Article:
How To Get A Free $30 Credit For Amazon Prime Day 2022

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Are you getting excited for Amazon Prime Day? With the event right around the corner and the first sales already started, now is not just the time to hunt for good deals, but also to try and take advantage of Amazon's latest method for getting users to spend as much as possible. Amazon is promoting Prime Day by offering a total of $30 in Amazon store credit that you can snatch up if you're willing to perform a few small tasks. 

Amazon Prime Day is a 48-hour discount event that takes place annually around the same time as Amazon's birthday. This year, the biggest discounts are set to appear on July 12 and July 13, but Amazon started the sales as early as June 21, so there are already some good deals waiting for you on the platform if you're ready to shop. Seeing as Prime Day itself is only an event for Prime subscribers, you'll need the membership before you can set off on the path to $30 in credit to spend on Prime Day.

And before you get too far, keep in mind that both the $20 part and the $10 part of this pair of deals require that you spend a certain amount of your own money before you can use the credit. So once you've spent your own money and find that you've run through Amazon's gamut of tasks that'll also ensnare you into its services, you might wonder if it was all worth the time and effort in the first place.

Get $20 Prime Day credit for uploading a photo

Amazon is giving out a total of $30, but that's split into two separate promotions. One awards you $20 and is shockingly simple to do — it will require you to upload just one photo to the latest update to the Amazon Photos app, which offers cloud storage of full-resolution photos and videos. As long as the photo meets the required criteria, you will receive your $20 to spend during Prime Day. While Amazon Photos costs $1.99 per month if you wish to subscribe, you can use it for free and will receive 5 GB of storage as long as you have an Amazon account — so this one won't hurt your wallet at all!

  1. Head on over to Amazon Photos and download it. The app is available on desktop, iOS, and Android.
  2. Start the app and sign in using your Amazon Prime account.
  3. Upload at least one picture through the Amazon Photos app. It has to be a photo with the correct format, but Amazon accepts a whole lot, so that shouldn't be an issue — check out the full list here.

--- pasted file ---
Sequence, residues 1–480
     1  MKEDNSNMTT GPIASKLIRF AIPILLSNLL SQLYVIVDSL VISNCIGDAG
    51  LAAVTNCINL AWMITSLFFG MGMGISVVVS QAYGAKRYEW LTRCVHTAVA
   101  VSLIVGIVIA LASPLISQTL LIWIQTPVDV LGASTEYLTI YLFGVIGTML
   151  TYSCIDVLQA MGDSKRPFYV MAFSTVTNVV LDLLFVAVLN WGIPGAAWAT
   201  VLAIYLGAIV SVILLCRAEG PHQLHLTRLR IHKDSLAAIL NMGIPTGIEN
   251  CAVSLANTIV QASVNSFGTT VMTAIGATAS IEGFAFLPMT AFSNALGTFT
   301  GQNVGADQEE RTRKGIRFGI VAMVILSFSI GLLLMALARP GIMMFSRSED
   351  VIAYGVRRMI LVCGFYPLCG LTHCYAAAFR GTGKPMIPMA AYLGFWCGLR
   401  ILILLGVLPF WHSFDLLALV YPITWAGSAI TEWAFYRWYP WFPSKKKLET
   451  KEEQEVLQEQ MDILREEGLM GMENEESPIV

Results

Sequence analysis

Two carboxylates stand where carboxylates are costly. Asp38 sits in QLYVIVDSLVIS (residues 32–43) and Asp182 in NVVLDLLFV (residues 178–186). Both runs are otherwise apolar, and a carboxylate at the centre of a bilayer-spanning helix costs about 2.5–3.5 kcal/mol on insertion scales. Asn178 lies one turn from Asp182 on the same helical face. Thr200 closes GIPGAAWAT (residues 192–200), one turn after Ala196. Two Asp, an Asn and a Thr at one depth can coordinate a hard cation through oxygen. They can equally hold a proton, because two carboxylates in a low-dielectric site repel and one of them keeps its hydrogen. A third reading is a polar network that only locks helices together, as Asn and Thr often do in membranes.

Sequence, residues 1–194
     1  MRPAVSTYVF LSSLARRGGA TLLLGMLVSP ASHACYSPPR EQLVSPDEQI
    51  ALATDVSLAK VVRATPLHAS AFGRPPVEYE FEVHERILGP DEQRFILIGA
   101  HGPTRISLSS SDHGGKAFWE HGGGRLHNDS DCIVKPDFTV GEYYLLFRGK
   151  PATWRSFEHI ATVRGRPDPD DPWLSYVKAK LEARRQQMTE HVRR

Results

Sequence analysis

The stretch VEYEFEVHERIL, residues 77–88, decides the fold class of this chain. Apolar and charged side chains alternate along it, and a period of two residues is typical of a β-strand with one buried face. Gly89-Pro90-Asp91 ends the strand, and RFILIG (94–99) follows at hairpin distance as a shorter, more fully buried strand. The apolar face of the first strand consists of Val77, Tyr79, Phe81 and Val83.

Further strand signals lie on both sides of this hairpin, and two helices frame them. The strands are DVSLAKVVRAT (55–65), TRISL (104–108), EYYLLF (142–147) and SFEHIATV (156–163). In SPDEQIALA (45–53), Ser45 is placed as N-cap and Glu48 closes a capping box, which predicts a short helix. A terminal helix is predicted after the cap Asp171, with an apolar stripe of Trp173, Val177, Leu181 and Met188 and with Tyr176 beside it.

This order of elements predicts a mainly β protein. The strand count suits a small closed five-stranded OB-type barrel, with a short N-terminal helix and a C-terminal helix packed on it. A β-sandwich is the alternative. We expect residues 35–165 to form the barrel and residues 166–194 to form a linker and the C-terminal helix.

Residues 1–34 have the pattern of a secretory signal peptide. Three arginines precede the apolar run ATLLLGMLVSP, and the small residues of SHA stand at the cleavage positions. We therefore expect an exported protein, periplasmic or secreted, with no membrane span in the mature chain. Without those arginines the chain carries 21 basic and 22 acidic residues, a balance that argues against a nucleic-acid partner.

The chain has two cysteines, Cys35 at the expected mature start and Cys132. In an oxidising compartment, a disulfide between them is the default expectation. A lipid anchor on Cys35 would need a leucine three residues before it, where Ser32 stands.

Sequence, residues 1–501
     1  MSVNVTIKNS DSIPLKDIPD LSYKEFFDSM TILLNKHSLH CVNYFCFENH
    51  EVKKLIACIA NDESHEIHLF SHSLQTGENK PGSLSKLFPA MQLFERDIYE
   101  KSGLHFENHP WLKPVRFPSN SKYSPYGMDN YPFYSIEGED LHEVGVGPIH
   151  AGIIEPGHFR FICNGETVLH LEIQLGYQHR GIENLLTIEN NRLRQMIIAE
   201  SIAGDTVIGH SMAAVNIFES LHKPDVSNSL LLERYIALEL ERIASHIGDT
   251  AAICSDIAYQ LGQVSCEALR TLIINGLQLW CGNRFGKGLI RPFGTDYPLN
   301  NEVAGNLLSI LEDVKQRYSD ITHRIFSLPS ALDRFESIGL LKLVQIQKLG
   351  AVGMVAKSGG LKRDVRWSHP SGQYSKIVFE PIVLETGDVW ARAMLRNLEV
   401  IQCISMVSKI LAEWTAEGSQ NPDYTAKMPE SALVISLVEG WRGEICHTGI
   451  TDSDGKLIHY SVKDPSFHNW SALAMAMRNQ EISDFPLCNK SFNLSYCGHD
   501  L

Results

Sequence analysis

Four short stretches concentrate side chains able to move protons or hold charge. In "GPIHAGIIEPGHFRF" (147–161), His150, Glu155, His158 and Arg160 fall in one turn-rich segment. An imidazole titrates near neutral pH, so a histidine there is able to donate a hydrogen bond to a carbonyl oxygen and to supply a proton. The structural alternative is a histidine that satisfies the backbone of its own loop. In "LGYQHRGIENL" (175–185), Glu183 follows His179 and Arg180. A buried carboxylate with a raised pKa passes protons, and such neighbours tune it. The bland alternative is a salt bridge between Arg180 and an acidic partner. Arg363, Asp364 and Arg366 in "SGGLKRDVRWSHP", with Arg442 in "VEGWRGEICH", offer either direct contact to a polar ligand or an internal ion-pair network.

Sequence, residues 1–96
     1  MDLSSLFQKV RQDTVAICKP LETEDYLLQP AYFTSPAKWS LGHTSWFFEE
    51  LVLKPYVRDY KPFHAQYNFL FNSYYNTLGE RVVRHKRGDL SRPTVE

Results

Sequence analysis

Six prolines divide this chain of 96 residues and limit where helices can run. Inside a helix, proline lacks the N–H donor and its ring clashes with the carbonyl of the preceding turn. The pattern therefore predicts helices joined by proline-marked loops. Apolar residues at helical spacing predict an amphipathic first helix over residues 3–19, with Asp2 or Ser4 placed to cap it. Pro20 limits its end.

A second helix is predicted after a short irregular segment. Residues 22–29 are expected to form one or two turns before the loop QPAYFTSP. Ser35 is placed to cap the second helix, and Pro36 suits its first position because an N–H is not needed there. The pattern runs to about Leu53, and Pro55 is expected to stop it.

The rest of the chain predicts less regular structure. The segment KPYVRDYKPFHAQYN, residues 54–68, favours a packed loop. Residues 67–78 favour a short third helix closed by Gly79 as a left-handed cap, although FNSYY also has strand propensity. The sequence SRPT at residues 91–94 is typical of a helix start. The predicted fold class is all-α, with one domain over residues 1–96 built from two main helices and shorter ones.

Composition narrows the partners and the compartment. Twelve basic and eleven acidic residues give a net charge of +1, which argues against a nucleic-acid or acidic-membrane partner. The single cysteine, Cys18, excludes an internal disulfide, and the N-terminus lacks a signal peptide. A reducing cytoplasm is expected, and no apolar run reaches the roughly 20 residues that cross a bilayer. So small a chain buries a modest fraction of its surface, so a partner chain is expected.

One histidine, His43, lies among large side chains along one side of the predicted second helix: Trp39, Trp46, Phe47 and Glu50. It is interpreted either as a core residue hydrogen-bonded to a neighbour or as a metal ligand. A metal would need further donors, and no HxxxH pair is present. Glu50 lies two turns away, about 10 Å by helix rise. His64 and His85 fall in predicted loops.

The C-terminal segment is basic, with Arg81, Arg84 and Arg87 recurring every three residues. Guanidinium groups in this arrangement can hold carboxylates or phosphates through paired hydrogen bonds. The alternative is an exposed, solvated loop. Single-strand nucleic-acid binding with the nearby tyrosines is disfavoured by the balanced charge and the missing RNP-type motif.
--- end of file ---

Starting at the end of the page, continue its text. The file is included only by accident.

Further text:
Once Amazon approves your photo, $20 of Prime Day credit should be added to your associated Amazon account just in time for the 2022 Prime Day event. It will expire at 11:59 p.m. PT on July 13, 2022, so you can't use it past Prime Day. It's also important to note that you'll need to spend at least $40 in order for the credit to work, and the offer only works with products sold directly by or Services LLC. This means you can't shop from third-party sellers. Look out for the "sold by" disclaimer on the product page to make sure it applies.

Get $10 Prime Day credit for using Amazon Prime services

This second promotion requires you to jump through a few hoops, but as long as you're an active Amazon Prime user, you'll have no problem scoring the $10 reward the company has prepared for you. Amazon clearly wants to encourage its users to interact with their Prime perks a little more, which is why you'll need to collect four stamps that prove you've used Prime in more ways than just getting free delivery on your Amazon purchases. This promotion started on June 16, 2022, and runs through July 13, 11:59 p.m. ET.

  1. Activate your Amazon Prime Stampcard on the official website.
  2. Make a Prime-eligible purchase of at least $5.
  3. Stream a show on Prime Video. It might take up to 48 hours for this stamp to appear once you've finished your viewing.
  4. Listen to a song available on Prime Music.
  5. Borrow an eBook on Prime reading and read it.
Once you've completed all the steps, you'll be credited $10 in Amazon Prime credit to spend during Prime Day 2022. Remember to unsubscribe from each of the services you've subscribed to in this process, or you might find in a few months that you've been paying Amazon a subscription fee that's gone beyond any amount you scooped up before Prime Day began.